I write a weekly column, "Questions Parents Ask" at Lifeworks.com. I have been authoring it for nearly two years. There are themes which return repeatedly, especially around hallmark calendar dates.
I thought it would be relevant to repost this particular column on my blog.
The financial demands put on parents leading into the holiday season (by their children as well as by the parents themselves) can put tremendous strain on a family budget.
Trying to find different and believable ways to dodge questions about expensive presents - and whether Santa will bring them, and why other friends have them - can be exhausting.
This column hints at a couple of ideas which can - especially when reinforced over an extended period of time - help ease the burden.
Flashy electronics that are coming down in price, combined with peer pressure, and school extras “all the other kids have” (iPads are becoming more and more prevalent, but are they necessary?) are pushing parents to buy things they can’t afford for their children.
How do you say “no”?
Keith Donoghue, a financial planner with Assante Capital Management says the first step is to make sure your children have a clear understanding of where your money comes from. That explanation should take place before you and your child are in front of a shelf full of X-Box games.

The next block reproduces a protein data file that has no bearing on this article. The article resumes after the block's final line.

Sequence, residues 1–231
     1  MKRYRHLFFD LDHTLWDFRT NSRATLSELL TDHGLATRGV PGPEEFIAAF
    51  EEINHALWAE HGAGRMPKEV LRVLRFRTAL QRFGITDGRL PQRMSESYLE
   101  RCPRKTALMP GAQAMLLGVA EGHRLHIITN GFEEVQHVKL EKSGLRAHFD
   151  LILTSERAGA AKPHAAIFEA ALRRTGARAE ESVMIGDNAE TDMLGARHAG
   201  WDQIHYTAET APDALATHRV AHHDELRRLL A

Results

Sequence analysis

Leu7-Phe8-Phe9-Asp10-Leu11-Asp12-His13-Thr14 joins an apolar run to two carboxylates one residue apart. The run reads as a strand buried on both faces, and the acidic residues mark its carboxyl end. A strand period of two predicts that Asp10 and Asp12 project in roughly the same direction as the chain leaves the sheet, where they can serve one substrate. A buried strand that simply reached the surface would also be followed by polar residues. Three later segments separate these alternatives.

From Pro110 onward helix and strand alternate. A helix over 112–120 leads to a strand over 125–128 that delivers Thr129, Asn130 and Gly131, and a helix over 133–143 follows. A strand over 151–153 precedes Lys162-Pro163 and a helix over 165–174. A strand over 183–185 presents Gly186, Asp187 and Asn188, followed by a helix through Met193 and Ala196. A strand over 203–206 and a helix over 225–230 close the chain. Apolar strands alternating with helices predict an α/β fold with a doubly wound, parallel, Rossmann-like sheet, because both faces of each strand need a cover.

“You can explain that you go to work every day,” he says, “and for the work that you perform, you are paid a certain amount of money. So each day there is only a certain amount of money that you can spend, as you should never spend more than you earn. Then I would start to explain that there are things that you need to pay for every day before you can buy the latest gadget, toy, or fashion item, such as: savings, rent/mortgage, food, clothing, utilities, the car, gas, insurance, etc.”
He emphasized that savings is first on the list, and that it is never too early to teach your kids to pay themselves first.
Go through the exercise with your children: calculate with them how much they earn through cash gifts, allowances, paychecks, etc. Have them decide how to allocate their funds, beginning with a 10 percent savings, and including setting some money aside for charity. This way, they will better understand the concept of how long it takes -- or how hard you have to work -- to buy a big ticket item.
Donoghue suggests not only helping children understand how they might earn extra cash (shovelling driveways, mowing lawns, babysitting.), but also how to stay focused on financial goals. “If they get easily sidetracked by impulse buys, one trick would be to have them tape a picture of their goal (e.g., a bicycle) to their wallet, so that they see their objective every time they go to spend some money.”
Children have a hard time accepting “no” for an answer. Where finances are concerned, that stubbornness is partly due to a lack of understanding of how hard it was for their parents to earn that money in the first place. You can teach some valuable lessons that could also save you money.